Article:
A Holistic Guide to Overcoming Anxiety
Coping with panic attacks and daily anxiety required me to try a wide range of professional and self-help methodologies
During my final year in college, I was plagued by constant worry and anxiety that took away from my ability to perform, cultivate meaningful relationships, and fully enjoy the opportunities life afforded me. Although I did a great job of masking it to the point my roommate didn’t even know, underneath I was a neurotic mess.
I could barely sit through class, often feeling trapped, fearing another panic attack. At work, I had a leadership position, and I felt I had to power through but felt I never performed up to my potential, skirting certain responsibilities that might have aggravated my anxiety. Socially, I was never satisfied, colored by the nagging depression that tends to accompany anxiety disorders. Like an outcast stranded in the middle of the ocean, I felt I was constantly treading water, just barely staying afloat.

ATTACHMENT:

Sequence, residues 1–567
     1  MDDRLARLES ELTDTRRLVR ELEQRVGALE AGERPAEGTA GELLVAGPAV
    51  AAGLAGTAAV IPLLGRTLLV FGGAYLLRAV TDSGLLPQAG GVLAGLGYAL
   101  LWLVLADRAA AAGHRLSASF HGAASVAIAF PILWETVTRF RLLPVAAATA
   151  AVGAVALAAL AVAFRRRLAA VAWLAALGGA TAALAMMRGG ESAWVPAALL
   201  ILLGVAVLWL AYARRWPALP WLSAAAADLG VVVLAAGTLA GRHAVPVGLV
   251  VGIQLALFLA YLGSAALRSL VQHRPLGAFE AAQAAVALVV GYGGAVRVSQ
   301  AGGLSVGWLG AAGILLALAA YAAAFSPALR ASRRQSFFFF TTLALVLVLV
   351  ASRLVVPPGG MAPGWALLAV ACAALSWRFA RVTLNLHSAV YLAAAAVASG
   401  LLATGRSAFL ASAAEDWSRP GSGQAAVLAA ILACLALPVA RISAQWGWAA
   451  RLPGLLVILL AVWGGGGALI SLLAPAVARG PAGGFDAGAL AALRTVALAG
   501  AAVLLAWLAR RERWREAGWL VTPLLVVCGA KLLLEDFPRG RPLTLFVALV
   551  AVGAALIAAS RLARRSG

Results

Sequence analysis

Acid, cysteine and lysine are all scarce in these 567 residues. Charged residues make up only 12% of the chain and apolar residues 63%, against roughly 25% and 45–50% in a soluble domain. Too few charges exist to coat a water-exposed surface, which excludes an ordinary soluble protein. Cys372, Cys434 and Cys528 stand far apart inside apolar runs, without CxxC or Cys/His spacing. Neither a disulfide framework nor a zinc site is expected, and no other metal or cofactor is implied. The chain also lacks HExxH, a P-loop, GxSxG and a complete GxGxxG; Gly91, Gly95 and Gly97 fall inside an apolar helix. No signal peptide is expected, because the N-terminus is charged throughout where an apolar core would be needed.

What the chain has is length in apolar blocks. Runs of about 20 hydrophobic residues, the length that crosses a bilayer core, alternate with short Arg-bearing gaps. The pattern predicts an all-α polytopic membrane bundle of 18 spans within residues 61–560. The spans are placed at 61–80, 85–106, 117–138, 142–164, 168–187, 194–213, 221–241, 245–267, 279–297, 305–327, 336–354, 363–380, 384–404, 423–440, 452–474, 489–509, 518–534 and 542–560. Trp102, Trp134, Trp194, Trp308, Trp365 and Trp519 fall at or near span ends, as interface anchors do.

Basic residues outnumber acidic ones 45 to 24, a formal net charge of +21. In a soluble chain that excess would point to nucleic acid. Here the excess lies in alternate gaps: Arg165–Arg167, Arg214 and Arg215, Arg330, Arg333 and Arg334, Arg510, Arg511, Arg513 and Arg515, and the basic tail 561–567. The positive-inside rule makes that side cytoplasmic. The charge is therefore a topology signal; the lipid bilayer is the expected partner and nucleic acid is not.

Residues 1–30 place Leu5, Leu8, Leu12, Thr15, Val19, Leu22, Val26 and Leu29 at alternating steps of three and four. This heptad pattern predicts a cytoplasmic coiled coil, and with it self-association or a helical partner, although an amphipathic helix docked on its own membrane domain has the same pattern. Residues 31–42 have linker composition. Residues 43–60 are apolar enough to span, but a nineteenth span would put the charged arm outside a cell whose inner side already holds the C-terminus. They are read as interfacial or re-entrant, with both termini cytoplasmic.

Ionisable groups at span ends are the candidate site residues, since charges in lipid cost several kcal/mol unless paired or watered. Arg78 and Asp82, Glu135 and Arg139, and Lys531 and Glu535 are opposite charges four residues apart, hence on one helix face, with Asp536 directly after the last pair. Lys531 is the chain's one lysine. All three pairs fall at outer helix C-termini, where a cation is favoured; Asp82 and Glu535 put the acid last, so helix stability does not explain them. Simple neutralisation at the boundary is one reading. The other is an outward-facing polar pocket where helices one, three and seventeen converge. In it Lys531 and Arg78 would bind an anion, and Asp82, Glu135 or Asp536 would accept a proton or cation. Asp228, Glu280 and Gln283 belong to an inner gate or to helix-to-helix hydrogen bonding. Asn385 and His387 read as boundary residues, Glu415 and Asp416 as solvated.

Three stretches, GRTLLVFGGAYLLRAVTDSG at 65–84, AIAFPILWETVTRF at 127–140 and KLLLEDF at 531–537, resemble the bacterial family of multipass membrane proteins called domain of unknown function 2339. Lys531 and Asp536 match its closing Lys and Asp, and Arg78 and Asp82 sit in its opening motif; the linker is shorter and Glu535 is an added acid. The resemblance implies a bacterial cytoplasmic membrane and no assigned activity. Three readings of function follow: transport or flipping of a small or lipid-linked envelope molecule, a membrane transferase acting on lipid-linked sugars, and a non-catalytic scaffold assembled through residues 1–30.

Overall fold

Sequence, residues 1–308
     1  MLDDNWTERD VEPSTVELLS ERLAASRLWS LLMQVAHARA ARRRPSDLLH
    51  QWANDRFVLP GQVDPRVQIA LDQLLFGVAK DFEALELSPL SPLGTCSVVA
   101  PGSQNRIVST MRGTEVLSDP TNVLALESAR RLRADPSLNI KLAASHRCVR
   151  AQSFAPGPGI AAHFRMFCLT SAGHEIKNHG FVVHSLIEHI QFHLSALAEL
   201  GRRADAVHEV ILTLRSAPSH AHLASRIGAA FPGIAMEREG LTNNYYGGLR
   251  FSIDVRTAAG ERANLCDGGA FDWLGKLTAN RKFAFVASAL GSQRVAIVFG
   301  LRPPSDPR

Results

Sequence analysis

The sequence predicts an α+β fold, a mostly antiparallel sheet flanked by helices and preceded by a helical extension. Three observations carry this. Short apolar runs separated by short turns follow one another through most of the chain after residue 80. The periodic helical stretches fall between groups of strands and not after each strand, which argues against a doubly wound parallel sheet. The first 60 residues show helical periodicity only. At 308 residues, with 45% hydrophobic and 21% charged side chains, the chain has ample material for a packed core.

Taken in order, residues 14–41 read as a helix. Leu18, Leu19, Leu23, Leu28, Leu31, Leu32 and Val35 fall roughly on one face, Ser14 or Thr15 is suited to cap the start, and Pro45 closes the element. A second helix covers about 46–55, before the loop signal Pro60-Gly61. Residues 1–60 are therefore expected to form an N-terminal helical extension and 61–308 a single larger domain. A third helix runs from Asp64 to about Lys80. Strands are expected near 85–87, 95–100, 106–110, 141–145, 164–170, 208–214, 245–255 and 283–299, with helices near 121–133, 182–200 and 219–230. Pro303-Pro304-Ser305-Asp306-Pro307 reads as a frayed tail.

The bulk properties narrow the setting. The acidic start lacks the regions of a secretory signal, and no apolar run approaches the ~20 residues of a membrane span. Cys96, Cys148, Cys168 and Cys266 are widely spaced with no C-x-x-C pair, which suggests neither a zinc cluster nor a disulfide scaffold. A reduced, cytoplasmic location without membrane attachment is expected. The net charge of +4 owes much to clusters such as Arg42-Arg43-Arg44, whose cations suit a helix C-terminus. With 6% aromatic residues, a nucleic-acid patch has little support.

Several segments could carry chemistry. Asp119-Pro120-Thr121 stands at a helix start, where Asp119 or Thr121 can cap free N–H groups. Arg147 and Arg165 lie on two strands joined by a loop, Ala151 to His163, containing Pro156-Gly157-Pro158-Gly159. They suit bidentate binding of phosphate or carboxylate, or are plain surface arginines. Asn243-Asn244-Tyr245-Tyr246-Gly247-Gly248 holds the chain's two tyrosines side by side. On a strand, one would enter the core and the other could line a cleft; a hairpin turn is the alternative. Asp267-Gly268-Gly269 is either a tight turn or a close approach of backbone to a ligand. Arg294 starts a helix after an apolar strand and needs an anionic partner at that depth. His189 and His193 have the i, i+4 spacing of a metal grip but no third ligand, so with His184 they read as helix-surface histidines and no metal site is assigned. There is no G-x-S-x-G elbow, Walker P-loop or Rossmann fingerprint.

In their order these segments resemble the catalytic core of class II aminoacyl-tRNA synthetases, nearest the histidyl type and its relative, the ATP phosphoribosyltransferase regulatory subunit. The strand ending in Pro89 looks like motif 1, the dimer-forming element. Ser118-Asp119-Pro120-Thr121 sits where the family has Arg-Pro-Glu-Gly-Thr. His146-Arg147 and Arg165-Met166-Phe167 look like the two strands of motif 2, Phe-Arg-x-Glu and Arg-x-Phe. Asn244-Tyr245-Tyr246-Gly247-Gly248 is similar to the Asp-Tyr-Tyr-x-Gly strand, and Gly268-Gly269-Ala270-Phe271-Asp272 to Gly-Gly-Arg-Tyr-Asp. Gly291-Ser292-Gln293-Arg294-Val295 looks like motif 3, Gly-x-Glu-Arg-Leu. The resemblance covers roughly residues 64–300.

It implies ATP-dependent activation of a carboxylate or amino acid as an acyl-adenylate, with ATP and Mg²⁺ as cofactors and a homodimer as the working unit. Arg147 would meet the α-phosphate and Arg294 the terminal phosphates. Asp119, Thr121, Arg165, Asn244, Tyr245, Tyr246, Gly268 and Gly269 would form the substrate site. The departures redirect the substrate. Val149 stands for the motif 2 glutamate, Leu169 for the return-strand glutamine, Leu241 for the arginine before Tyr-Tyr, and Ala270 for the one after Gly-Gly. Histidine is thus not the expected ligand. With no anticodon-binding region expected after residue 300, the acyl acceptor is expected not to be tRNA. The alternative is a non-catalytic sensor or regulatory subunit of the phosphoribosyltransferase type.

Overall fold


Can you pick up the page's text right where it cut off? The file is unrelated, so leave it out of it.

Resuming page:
Looking back, my anxiety was a manifestation of self-doubt, lack of direction, and spreading myself too thin. At my lowest point, I remember asking my therapist if I’d ever overcome my anxiety. I wasn’t fully satisfied with her answer. She told me yes and no — that it’d be something I’d constantly have to manage throughout my life. While this is not untrue — we are all born with natural levels of anxiety innate to our physiology — the problem with this thinking is that it encourages people to internalize their anxiety as part of their identity instead of seeing it as something that can be conquered.
I’m happy to say there’s light at the end of the tunnel.
In this guide, I hope to share the steps I took that led me to a place where anxiety is no longer an overwhelming factor in my life, and I’m able to live free from the panic and dread that for too long hampered my ability to be my full self. I recognize that not everything here will be universally applicable, but it is what worked for me.